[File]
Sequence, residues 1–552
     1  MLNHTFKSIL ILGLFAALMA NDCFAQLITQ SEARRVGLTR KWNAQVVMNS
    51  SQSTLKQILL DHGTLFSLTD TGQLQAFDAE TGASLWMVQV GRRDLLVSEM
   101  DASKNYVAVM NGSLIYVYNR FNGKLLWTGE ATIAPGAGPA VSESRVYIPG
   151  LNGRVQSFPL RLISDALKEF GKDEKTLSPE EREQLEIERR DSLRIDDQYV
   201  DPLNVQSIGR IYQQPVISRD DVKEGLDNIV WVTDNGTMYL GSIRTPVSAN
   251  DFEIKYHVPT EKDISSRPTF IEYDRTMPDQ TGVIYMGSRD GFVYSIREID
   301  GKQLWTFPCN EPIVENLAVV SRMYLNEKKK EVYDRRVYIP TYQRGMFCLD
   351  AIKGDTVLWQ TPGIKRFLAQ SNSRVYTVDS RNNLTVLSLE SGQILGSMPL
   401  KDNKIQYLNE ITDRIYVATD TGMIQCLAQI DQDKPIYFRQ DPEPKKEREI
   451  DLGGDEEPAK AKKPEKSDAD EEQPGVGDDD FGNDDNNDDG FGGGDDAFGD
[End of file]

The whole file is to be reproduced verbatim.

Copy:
Sequence, residues 1–552
     1  MLNHTFKSIL ILGLFAALMA NDCFAQLITQ SEARRVGLTR KWNAQVVMNS
    51  SQSTLKQILL DHGTLFSLTD TGQLQAFDAE TGASLWMVQV GRRDLLVSEM
   101  DASKNYVAVM NGSLIYVYNR FNGKLLWTGE ATIAPGAGPA VSESRVYIPG
   151  LNGRVQSFPL RLISDALKEF GKDEKTLSPE EREQLEIERR DSLRIDDQYV
   201  DPLNVQSIGR IYQQPVISRD DVKEGLDNIV WVTDNGTMYL GSIRTPVSAN
   251  DFEIKYHVPT EKDISSRPTF IEYDRTMPDQ TGVIYMGSRD GFVYSIREID
   301  GKQLWTFPCN EPIVENLAVV SRMYLNEKKK EVYDRRVYIP TYQRGMFCLD
   351  AIKGDTVLWQ TPGIKRFLAQ SNSRVYTVDS RNNLTVLSLE SGQILGSMPL
   401  KDNKIQYLNE ITDRIYVATD TGMIQCLAQI DQDKPIYFRQ DPEPKKEREI
   451  DLGGDEEPAK AKKPEKSDAD EEQPGVGDDD FGNDDNNDDG FGGGDDAFGD